In April 2022, then-VW Group CEO Herbert Diess reportedly said the company “didn’t take the US customer seriously enough”.
The VW Group then announced the following month that it was reviving the Scout nameplate for the United States. If you think this decision was relevant to Volkswagen’s goal of selling more vehicles in the United States, then you’d be right.
In a video released by VW Group, the company explained that the relaunch of the Scout brand was decided to entice more Americans to buy more of its products. The goal was to achieve a 10% market share, and the iconic status of the Scout brand in the United States should help the company achieve this.
“After Volkswagen’s successful turnaround in the US, we now seize the opportunity to further strengthen our position in one of the most important growth markets for electric vehicles,” Diess said earlier. “Electrification offers a historic opportunity to enter the highly attractive pickup and R-SUV segment as a group, underlining our ambition to become a relevant player in the US market.”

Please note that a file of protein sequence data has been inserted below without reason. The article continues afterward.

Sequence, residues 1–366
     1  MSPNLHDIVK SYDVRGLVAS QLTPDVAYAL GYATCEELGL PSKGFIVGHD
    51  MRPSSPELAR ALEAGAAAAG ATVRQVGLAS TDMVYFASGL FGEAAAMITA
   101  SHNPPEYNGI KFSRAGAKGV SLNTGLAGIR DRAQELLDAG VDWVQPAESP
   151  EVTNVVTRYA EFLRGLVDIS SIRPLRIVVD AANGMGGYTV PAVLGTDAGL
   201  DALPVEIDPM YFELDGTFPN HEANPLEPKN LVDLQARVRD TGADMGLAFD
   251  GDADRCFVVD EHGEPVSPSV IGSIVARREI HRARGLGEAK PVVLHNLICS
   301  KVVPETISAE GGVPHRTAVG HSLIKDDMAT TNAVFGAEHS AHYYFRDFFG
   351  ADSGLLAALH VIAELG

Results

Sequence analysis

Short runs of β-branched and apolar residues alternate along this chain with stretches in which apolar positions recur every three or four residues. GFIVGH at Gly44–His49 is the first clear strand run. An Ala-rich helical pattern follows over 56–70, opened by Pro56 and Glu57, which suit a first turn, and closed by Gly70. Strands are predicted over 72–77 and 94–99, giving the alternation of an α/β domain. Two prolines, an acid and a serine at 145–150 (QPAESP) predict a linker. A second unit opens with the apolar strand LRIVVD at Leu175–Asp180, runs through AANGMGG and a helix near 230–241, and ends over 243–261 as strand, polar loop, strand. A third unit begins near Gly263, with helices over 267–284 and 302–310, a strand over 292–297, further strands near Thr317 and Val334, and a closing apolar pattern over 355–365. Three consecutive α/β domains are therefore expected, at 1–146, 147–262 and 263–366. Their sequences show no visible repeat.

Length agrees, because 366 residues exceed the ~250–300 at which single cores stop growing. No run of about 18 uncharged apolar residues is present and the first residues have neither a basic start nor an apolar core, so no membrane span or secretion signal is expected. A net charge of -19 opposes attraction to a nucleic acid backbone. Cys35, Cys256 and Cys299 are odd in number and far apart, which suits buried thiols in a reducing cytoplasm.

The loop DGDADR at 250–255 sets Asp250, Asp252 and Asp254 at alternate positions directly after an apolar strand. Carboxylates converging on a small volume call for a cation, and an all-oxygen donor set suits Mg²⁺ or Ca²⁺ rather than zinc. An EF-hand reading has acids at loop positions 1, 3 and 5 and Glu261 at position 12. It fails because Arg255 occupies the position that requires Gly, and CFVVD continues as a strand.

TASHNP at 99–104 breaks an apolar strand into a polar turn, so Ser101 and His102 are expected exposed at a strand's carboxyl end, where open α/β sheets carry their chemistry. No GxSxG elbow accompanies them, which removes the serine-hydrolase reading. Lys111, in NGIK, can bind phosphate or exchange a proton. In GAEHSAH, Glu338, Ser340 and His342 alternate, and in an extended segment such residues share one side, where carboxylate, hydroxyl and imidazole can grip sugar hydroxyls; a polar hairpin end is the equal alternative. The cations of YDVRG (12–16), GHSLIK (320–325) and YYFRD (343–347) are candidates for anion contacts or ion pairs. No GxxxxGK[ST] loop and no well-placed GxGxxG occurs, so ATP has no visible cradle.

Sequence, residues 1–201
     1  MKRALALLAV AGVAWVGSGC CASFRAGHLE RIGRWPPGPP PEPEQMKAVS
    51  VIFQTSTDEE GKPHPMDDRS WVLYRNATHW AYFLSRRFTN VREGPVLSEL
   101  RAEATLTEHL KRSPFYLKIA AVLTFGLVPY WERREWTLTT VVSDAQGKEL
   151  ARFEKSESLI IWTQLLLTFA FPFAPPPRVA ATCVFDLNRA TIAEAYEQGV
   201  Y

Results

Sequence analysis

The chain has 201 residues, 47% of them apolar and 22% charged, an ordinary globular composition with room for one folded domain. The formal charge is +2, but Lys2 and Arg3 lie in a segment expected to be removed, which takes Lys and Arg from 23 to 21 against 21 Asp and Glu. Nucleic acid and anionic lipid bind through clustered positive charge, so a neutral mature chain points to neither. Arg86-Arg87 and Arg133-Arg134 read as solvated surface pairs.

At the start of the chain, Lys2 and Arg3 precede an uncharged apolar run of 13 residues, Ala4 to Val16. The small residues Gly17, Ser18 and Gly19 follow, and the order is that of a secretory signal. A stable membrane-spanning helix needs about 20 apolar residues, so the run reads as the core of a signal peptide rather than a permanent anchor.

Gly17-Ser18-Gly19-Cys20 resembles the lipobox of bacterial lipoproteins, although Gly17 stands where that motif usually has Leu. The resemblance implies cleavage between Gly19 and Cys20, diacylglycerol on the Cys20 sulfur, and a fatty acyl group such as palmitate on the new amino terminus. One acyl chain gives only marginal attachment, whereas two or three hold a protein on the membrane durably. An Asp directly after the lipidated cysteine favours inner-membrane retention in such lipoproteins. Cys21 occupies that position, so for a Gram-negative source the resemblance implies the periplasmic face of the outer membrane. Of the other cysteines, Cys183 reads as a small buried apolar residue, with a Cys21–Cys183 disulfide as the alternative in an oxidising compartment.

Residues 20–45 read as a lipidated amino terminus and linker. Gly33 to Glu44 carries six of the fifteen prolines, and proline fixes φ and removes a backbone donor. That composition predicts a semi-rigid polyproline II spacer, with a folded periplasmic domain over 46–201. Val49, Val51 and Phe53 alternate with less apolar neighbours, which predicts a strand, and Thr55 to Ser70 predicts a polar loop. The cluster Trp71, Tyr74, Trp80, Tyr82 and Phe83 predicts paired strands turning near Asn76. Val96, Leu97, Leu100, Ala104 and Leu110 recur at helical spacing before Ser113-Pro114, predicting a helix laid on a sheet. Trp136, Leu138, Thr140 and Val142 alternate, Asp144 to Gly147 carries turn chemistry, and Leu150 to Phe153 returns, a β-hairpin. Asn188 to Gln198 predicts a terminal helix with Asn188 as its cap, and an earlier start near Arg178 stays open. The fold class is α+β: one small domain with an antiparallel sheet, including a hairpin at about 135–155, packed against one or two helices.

The Scout nameplate won’t just be a badge for VW electric SUVs and trucks for sale in the United States. It will be a standalone VW Group brand, a separate unit that will be independently managed and operate in the United States. This month, VW announced Scott Keogh as CEO of Scout, in charge of building the brand.
Scout is expected to start making cars in 2026, but prototypes of the new pickup truck and SUV are expected to be introduced in two years. It should be noted that the Scout electric vehicles will use a “new technical platform concept”.
While the revival of the Scout brand was conceived under Diess’s leadership, the project’s completion will now be under the direction of Porsche CEO Oliver Blume, who was recently appointed Chairman of the VW Group Board of Directors. Blume will lead both Porsche and the VW Group, and added that he will focus on “customers, brands and products” as boss of the two companies.